Hedging

Hedging stock is the process of protecting one position by entering another offsetting position. The purpose of hedging is to reduce downside risk and minimize losses.
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Hedging is a risk management strategy where uncorrelated or low-correlation investments are added to a portfolio. The resulting combination of investments is intended to create more balance and lower portfolio volatility.

Hedging is made possible through a variety of strategies, like adding an uncorrelated stock position, buying a put option to limit downside exposure, selling options to reduce cost basis in the stock position, using a multi-leg option strategy to define a range of potential outcomes, or some combination of hedging alternatives.

The advantages of hedging stock positions include stabilizing portfolio returns and limiting downside risk. Disadvantages of hedging may include lower upside potential (due to the hedge’s cost) and the risk that the hedge does not fully protect the portfolio as expected. Hedging comes at a cost because if the hedge is unnecessary--the stock position appreciates and no downside protection is required--then the hedge’s cost reduces the profitability of the position had it not been hedged.

For example, if a put option is purchased in an attempt to hedge a stock position, and the stock gains value, the cost of the put option somewhat offsets the appreciation in the stock position. In the risk/reward spectrum, if all risk is “hedged away,” virtually all potential reward will be. Thus, to hedge is to compromise.

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FAQs

How do you hedge a stock position?

Hedging stock is the process of protecting one position by entering another offsetting position. The purpose of hedging is to reduce downside risk and minimize losses.

Hedging is a risk management strategy where uncorrelated or low-correlation investments are added to a portfolio. The resulting combination of investments is intended to create more balance and lower portfolio volatility.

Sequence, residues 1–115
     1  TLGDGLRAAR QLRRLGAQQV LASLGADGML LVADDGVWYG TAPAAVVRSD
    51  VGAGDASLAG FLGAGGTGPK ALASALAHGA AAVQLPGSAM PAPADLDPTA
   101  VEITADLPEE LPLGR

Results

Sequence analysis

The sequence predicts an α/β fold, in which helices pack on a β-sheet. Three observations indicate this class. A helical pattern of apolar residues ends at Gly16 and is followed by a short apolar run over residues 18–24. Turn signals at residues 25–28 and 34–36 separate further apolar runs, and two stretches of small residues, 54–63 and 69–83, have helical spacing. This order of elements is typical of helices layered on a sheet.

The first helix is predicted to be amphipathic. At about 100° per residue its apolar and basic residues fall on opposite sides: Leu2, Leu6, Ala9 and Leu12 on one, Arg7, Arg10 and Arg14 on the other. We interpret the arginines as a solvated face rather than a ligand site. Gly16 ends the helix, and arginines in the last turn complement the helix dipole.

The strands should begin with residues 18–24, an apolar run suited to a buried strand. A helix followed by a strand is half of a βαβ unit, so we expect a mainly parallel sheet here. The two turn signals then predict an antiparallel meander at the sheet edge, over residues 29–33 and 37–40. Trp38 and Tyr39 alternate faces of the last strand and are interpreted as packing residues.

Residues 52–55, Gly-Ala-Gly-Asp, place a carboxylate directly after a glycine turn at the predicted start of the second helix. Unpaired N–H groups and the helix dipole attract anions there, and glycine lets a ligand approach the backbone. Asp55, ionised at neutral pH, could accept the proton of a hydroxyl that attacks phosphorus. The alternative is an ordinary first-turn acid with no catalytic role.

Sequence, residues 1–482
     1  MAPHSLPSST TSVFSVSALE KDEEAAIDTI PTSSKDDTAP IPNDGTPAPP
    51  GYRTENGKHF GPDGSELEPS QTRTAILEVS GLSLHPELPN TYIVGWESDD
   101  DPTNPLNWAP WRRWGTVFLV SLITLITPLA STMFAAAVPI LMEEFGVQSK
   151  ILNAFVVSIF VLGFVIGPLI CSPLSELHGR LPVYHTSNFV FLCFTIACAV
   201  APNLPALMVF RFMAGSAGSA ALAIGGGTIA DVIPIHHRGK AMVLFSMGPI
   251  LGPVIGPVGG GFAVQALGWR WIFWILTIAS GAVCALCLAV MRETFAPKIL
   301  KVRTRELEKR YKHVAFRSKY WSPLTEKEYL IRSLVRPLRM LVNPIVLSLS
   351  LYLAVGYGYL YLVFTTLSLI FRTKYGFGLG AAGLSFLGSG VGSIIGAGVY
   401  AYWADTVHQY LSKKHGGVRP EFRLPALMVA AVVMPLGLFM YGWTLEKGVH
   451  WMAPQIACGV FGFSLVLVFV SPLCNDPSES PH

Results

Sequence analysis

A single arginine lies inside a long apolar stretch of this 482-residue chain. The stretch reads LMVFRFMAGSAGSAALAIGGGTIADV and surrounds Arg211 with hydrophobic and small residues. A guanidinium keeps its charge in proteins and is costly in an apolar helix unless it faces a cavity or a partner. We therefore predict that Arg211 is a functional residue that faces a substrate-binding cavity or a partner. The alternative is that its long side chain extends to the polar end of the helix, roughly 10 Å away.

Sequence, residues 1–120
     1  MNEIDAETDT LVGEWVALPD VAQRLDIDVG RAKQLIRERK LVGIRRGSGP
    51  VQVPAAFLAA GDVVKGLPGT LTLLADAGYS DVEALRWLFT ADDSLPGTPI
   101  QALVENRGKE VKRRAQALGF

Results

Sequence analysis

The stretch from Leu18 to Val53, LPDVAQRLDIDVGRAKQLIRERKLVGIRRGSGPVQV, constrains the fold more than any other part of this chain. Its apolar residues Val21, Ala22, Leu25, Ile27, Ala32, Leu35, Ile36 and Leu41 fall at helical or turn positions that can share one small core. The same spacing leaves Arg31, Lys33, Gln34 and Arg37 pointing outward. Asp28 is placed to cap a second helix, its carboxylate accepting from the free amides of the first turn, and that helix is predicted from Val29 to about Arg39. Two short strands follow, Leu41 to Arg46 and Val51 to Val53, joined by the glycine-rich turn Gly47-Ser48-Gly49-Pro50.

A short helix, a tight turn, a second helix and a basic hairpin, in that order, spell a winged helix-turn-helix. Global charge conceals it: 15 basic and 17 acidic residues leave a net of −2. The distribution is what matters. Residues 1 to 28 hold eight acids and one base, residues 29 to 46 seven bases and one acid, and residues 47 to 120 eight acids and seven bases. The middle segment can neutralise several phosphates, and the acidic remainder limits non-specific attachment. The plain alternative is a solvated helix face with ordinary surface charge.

What are some hedging strategies?

Hedging is made possible through a variety of strategies, such as adding an uncorrelated stock position, buying a put option to limit downside exposure, selling options to reduce cost basis in the stock position, using a multi-leg option strategy to define a range of potential outcomes, or some combination of hedging alternatives.

How do you hedge stocks?

Stocks can be hedged using multiple strategies such as adding an uncorrelated stock position, buying a put option to limit downside exposure, selling options to reduce cost basis in the stock position, using a multi-leg option strategy to define a range of potential outcomes, or some combination of hedging alternatives.

What is an example of hedging?

Hedging is similar to buying car insurance.

Consider, for example, a long put option. Like car insurance, the stock owner is willing to pay a premium to protect their asset against significant downside risk by defining the maximum amount they would have to pay. Put options require paying a debit but secure a price point (the strike price) at which an investor has the right to sell shares of stock. If an investor owns 100 shares of stock purchased at $50, they may choose to spend a fixed amount, say $300, to purchase a put option with a strike price of $45 that expires in 90 days.

If their underlying stock position is trading below $45 after 90 days, they have the right to exercise the put option and sell stock at $45, no matter what price the underlying stock is trading. If the stock is trading above $45, the option will expire worthless, and they can choose to purchase another put option to hedge the position for a future expiration date. 

What is the best hedging strategy?

There is no perfect hedging strategy because hedging always comes at a cost. In the risk/reward spectrum, if all risk is “hedged away,” then virtually all potential reward would be as well. Thus, to hedge is to compromise.

Purchasing options will add cost to the original position. Selling options will reduce the upside profit potential. Buying uncorrelated positions has the potential for one stock to lose value while another gains value, therefore leaving the portfolio relatively neutral overall.

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